Recommended ages: 12+
Time: 60 - 120 minutes
Reset: Not without Printing
Players: 1 - 6
Recommended Players: 2 - 4
App Required: No
The Kosmos EXIT series is a destructible escape experience where participants are expected to fold, spindle, and even mutilate, the various provided elements in order to find clues and solve puzzles. As of this writing, the authors have played the first three; EXIT: The Secret Lab, EXIT: The Abandoned Cabin, and EXIT: The Pharaoh’s Tomb.
One of the best things about the EXIT games is how they do clues, at least when the system works. Puzzles are marked with symbols such as an hourglass or crescent. When players are stuck they pull a card from the clue deck with the matching symbol. The first card instructs what pages or cards will be needed to solve the puzzle, which is an excellent function of a hint system, while further hints detail the process of solving those puzzles. Unfortunately the signalling is poor at times, meaning players frequently can’t tell when they have all the right pieces for a puzzle, or even which puzzle they should be working on next without actually burning a clue. Add this to the fact that the clue cards sometimes leave out which other game elements are part of a puzzle, both of which mean the EXIT series has some critical flaws.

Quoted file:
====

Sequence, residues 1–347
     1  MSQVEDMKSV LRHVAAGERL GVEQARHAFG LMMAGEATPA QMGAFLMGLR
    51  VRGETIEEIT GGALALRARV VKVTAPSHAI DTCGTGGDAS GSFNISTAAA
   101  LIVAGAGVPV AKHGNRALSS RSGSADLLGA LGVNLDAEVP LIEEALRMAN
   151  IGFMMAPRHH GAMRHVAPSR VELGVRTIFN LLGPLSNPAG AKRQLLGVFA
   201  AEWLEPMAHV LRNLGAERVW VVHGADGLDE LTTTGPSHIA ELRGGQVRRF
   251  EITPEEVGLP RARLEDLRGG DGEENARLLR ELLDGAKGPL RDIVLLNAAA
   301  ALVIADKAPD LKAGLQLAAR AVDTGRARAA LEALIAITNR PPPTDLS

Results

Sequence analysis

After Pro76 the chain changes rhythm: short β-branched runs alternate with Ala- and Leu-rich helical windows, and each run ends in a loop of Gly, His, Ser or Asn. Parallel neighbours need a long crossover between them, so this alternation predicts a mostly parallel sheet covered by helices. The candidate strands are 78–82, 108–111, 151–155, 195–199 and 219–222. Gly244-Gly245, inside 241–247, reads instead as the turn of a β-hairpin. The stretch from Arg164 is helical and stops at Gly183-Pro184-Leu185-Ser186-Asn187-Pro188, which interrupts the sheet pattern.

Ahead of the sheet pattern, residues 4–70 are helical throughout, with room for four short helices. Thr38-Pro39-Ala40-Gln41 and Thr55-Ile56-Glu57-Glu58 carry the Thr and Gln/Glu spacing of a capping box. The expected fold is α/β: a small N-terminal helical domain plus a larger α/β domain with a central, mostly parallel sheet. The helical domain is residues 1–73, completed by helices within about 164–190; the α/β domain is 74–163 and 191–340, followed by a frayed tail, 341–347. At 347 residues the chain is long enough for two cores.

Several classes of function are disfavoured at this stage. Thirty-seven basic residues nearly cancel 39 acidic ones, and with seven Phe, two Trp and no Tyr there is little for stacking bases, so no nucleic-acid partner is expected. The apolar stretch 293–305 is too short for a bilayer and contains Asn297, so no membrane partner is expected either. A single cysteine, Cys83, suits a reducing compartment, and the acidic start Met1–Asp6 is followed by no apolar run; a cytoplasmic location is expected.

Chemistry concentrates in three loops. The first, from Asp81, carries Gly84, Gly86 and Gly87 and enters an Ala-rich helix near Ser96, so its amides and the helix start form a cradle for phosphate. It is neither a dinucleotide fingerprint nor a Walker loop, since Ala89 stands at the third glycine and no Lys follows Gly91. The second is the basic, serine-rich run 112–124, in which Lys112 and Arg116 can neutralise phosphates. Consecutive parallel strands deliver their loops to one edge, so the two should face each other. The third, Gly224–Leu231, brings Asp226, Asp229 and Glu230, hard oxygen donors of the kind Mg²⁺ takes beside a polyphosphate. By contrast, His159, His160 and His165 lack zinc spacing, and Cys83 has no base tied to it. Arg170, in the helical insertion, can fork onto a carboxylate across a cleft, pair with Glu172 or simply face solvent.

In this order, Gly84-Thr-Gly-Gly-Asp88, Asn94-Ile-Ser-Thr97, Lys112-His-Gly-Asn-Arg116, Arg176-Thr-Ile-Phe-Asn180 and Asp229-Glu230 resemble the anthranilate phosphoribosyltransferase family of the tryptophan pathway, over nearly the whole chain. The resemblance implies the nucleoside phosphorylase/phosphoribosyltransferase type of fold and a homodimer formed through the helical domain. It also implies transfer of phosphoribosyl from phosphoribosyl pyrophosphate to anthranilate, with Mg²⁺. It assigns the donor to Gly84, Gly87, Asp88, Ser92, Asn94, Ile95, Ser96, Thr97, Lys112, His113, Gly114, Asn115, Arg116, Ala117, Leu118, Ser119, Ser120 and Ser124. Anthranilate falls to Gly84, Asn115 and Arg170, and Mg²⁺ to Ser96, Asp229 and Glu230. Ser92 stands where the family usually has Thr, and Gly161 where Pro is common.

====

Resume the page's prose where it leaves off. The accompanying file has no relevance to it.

The mechanic for checking answers is fairly ingenious; players check their answers with a wheel, inputting the correct combination beneath the puzzle’s symbol. This reveals a number, players check that card number in the answer deck to find out if they’re correct or need to give it a bit more thought. This keeps players from brute forcing combinations on the wheel like may sometimes happen in Escape Room the Game.
As far as puzzle quality is concerned, the puzzles in the EXIT series are a bit of a mixed bag. There are some fantastically creative ones, but they’re mixed in with others that are a bit repetitive or aren’t exceptionally intuitive and cause intense frustration.
Fortunately the EXIT games are quite reasonably priced, even for one-use items. Making them great giveaways or for use in programs, like game nights or escape-camps. However there are several reasons they are not ideal for a library game or puzzle collection. They aren’t terribly suitable for groups above three or four. Too many pieces have to be repaired or replaced for each play through so it isn’t a viable addition to a standing collection.
Article by Donald Dennis & Stephanie Frey
Stephanie Frey can be found roaming Twitter. She can also be found selling goodies on Society6.
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